I am off to Inspirefest 2015 to talk about Women Codebreakers. I thought I would share with you a sneak peek at the ‘codebreaker potential’ slides I will be using at my talk on Thursday morning at 10.10am in the Bord Gáis Energy Theatre, Dublin.

It’s not too late to buy a ticket for the event. It’s bubbling with inspirational speakers I can’t wait to hear speak and there’s a fabulous line up at the Fringe festival. I am particularly looking forward to watching Codebreaker film that fuses documentary and fictional drama to tell the story of Alan Turing.

There is also Computers, a documentary about the six pioneering ENIAC computer programmers’ story as told in their own words. This short file includes with never-before-seen interviews and long-lost 1940s film. Mix that with live music, documentaries, debate and good weather (please) and we’re in for a fabulous event.

I had the pleasure of attending the media launch for Inspirefest 2015 in April 2015. You can read about it here.

Have you seen this photograph of Joan Clarke from1936?

As we draw closer to the publication of Women Codebreakers, I wanted to share a previously unseen photograph of Joan Clarke (later Murray). More photographs as well as her letters and notes also feature in the book.

It was taken in 1936, the year she matriculated to Newnham College, Cambridge to study mathematics.

Joan Clarke (Murray) 1936

The book will definitely be out next week. Keep your eye on Amazon, or better still, sign up to the Bletchley Park Research Newsletter and I’ll drop you an email with the date. I will talk about the delays once it’s finally out.

Please feel free to share the photograph of Joan so we can all get to know her, but I ask that you also link back to this post or to

women codebreakers,

Women Codebreakers at Inspire 2015

Inspire 2015

I have the pleasure of announcing that in June I’ll be speaking about the Women Codebreakers of Bletchley Park at Inspire 2015 in Dublin.

Inspire 2015 is a two-day international event at the Bord Gáis Energy Theatre in Dublin. The event ‘connects professionals interested in the future of science, technology, engineering, and mathematics with new perspectives on innovation, leadership and success. These perspectives are shared by inspirational women who are leaders in their field, and by advocates of meaningful diversity in education, research, business and society.’

I have Dr Sue Black to thank for putting my name forward. I am both excited and intimidated – have you seen the caliber of the other speakers? Check out the event at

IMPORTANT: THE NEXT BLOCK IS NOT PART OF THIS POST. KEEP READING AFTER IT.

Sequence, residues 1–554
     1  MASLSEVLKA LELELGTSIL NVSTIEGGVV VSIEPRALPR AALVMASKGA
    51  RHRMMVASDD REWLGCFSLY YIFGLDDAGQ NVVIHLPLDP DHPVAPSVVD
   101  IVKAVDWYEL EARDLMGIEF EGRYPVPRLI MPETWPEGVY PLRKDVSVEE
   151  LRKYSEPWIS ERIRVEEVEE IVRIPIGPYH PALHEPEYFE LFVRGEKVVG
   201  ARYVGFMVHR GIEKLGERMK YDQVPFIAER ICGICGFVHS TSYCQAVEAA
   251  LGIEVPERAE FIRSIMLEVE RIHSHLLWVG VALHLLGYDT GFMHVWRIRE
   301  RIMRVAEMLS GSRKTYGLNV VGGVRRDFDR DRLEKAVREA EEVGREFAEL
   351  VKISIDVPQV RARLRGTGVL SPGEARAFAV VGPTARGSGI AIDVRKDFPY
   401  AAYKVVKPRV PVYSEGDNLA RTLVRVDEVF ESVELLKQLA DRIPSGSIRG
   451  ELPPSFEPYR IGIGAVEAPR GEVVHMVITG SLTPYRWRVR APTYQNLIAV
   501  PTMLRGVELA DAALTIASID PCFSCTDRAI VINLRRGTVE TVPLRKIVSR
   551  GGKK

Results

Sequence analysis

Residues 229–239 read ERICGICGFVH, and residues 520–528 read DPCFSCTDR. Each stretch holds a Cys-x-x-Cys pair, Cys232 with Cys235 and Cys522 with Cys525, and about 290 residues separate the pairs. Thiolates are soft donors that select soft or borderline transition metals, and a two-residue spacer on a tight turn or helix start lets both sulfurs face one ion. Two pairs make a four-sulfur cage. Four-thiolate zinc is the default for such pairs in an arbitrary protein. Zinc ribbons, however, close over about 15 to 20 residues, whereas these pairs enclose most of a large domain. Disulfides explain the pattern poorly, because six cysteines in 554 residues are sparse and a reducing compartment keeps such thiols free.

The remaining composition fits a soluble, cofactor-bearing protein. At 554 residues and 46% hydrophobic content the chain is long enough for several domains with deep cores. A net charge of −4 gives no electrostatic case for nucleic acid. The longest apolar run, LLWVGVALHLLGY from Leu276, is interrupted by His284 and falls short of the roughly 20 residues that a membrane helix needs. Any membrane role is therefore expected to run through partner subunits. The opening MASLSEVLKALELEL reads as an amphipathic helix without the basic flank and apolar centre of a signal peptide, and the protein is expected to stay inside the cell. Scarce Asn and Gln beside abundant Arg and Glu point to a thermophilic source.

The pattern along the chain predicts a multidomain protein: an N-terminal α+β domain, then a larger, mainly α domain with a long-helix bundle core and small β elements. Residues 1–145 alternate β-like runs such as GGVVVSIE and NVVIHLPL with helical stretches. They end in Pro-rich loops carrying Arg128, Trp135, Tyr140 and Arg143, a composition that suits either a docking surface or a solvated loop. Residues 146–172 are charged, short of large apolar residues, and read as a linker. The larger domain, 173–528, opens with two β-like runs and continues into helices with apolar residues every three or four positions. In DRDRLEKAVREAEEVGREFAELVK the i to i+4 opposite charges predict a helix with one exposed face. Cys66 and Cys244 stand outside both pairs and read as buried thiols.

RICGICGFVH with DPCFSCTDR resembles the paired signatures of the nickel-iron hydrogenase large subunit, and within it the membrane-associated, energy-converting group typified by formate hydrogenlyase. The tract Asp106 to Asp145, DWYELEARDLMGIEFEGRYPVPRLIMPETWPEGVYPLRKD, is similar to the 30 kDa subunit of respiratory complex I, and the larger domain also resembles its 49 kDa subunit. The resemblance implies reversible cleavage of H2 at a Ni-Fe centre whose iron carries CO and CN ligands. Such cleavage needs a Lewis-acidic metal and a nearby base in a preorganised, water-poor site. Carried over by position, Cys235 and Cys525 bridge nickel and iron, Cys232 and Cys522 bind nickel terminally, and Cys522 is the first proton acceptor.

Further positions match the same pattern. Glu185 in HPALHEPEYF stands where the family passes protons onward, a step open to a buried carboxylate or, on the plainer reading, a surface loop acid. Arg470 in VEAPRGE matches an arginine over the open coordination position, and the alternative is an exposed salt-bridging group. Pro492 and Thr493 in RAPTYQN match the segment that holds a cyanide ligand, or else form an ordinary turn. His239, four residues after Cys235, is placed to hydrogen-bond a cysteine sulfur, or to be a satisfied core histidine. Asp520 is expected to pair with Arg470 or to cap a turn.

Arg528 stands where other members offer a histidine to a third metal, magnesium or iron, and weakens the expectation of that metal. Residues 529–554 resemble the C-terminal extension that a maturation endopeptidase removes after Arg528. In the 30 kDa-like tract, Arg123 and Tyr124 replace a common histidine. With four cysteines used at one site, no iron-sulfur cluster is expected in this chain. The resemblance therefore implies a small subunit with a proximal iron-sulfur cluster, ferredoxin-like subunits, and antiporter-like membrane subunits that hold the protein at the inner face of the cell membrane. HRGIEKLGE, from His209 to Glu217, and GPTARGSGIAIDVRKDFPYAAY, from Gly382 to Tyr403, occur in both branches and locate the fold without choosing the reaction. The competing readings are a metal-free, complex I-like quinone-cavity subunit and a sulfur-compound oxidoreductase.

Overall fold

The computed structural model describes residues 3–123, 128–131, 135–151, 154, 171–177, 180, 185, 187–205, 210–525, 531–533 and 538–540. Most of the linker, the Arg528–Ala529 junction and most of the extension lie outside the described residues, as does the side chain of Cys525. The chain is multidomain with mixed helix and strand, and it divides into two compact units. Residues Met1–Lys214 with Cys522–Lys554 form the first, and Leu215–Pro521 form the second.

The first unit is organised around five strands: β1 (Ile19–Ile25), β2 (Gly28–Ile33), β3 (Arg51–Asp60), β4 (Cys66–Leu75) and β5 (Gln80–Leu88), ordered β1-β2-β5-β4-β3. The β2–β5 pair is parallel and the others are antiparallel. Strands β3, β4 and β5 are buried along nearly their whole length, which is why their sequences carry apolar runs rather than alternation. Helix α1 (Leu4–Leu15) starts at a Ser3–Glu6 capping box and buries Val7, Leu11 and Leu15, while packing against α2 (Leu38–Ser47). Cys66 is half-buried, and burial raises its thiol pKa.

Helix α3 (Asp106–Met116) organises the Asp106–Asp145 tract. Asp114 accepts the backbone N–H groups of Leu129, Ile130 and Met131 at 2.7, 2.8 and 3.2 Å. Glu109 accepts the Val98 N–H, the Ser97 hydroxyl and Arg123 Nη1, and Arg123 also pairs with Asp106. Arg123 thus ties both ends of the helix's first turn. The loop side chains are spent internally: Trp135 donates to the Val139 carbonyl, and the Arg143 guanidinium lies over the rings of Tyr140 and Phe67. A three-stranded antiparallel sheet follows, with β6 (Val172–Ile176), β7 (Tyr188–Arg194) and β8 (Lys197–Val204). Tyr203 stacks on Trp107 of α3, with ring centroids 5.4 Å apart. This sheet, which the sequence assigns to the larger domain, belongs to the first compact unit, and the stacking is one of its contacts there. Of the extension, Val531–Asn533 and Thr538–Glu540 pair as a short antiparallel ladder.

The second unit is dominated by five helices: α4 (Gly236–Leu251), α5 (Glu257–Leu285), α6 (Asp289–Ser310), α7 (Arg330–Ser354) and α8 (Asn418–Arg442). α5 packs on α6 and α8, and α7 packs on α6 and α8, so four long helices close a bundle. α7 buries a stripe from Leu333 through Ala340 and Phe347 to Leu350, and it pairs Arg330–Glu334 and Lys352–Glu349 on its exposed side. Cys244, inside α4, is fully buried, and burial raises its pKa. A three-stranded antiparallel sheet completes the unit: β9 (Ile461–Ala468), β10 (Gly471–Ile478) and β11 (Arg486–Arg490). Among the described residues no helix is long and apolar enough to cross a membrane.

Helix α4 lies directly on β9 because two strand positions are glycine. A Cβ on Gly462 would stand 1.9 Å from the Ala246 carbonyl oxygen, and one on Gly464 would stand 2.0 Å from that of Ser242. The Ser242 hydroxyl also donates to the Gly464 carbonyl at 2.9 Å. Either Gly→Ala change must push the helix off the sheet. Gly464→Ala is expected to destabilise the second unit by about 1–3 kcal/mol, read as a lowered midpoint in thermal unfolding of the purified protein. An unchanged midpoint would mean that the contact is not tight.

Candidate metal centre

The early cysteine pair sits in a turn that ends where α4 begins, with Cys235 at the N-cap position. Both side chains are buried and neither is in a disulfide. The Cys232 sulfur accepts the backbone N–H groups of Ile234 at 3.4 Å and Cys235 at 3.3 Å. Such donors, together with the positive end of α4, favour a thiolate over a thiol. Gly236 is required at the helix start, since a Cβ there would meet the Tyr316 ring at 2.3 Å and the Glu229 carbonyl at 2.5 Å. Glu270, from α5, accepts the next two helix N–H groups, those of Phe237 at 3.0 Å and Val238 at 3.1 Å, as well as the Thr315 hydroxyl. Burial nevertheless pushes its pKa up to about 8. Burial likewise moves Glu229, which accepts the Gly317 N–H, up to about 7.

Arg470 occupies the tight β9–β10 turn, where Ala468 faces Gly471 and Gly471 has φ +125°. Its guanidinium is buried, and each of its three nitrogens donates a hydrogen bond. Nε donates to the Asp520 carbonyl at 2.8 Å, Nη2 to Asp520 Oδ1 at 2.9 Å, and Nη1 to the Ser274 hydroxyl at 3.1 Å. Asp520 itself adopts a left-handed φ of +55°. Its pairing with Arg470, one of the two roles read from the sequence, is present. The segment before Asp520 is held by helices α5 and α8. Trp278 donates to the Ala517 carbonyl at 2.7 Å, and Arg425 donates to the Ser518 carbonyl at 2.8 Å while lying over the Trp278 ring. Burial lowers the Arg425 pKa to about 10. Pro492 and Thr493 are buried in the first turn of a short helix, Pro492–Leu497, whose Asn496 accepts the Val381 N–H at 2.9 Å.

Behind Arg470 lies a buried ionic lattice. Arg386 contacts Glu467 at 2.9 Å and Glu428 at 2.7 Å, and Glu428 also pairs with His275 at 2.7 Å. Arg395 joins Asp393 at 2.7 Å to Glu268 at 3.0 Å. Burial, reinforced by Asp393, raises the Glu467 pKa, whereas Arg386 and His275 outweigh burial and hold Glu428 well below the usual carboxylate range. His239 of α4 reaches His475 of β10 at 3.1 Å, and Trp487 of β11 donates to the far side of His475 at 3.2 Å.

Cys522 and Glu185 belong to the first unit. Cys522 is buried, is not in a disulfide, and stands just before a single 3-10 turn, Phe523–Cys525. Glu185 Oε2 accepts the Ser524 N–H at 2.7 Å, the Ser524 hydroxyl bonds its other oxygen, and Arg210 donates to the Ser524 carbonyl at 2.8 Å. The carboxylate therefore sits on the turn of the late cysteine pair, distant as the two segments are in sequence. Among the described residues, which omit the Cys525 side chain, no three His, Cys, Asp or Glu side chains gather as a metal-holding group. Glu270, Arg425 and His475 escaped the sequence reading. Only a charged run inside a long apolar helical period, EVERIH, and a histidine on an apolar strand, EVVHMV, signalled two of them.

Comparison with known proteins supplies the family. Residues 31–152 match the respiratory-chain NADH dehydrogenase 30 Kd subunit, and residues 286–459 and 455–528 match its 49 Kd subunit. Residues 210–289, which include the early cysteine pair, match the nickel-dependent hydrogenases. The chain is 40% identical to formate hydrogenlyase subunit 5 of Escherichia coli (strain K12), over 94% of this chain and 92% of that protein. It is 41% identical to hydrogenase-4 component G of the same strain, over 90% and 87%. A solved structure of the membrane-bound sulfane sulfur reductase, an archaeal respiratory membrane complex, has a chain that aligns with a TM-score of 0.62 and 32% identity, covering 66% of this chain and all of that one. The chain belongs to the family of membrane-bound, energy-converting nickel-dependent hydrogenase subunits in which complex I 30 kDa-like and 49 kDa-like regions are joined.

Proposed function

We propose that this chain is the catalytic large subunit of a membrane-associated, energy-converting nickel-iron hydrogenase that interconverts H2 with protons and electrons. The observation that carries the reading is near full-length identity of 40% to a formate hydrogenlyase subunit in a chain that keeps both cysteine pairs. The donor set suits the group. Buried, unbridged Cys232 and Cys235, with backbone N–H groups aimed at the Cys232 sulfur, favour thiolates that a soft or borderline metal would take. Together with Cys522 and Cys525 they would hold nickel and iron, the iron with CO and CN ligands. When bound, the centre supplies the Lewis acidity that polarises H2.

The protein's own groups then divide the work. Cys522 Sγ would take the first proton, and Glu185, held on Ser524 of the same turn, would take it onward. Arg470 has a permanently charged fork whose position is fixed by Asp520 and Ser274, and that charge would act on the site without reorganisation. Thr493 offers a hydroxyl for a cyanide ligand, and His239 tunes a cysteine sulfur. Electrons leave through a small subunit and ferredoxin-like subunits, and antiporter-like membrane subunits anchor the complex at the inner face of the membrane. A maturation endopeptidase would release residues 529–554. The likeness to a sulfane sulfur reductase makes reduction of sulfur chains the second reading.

It’s the biggest event I have ever spoken at but I try to settle the butterflies by focusing on the fact that it’s a great opportunity to meet inspirational women of our time while sharing the stories of inspirational women of the past.

I will talk about women like Joan Clarke, Margaret Rock and Mavis Lever who worked as senior codebreakers as well as the thousands of women who worked in every area of the Government Code and Cypher School’s codebreaking operation at Bletchley Park during World War 2. That’s a lot of inspiration!

Inspire 2015 is organised by, Europe’s leading technology and innovation news service. Silicon Republic was named Best Science & Technology Website 2013 at the Realex Irish Web Awards, and Best Technology Website for six years in a row at the Realex Irish Web Awards (2008 – 2013). They also run the highly regarded Women Invent Tomorrow campaign with  industry partners Intel, Accenture, ESB, Twitter, Irish Research Council, Science Foundation Ireland and CoderDojo, to champion role models in the crucial areas of science, technology, engineering and maths.

I will share more details as they become available.

Decoding the past at Bletchley Park – an interview

J.Lynn Stapleton's interview with Kerry Howard at
16 December 2014

Bletchley Park ResearchHappy New Year.

I am excited about new adventures in 2015 but I thought I would share once last item from 2014.

In December 2014 I had the pleasure of answering questions about Bletchley Park for J.Lynn Stapleton (@ceridwyn2), which featured on her website I feel quite nostalgic when I read the resulting interview, as it’s a wonderful reminder of my first visits to Bletchley Park.

As with all these such requests they sometimes lead to more conversations. In 2014 I made many new friends through our common interest in Bletchley Park and I am looking forward to building on those friendships and meeting new people in 2015.

Thanks for taking the time to read Bletchley Park Research and getting in touch. You make the process of sharing my research online so very enjoyable.

Warmest Wishes


Waiting for Joan Clarke

Joan_Clarke_Murray_WW2_Horizon_1992The last week has been hectic and very exciting. I’ve worked hard on the planned launch of ‘Women Codebreakers – The Story of Margaret Rock, Mavis Lever and Joan Clarke’. The relatives of Margaret and Mavis have been fantastic with their support. But something very exciting has happened.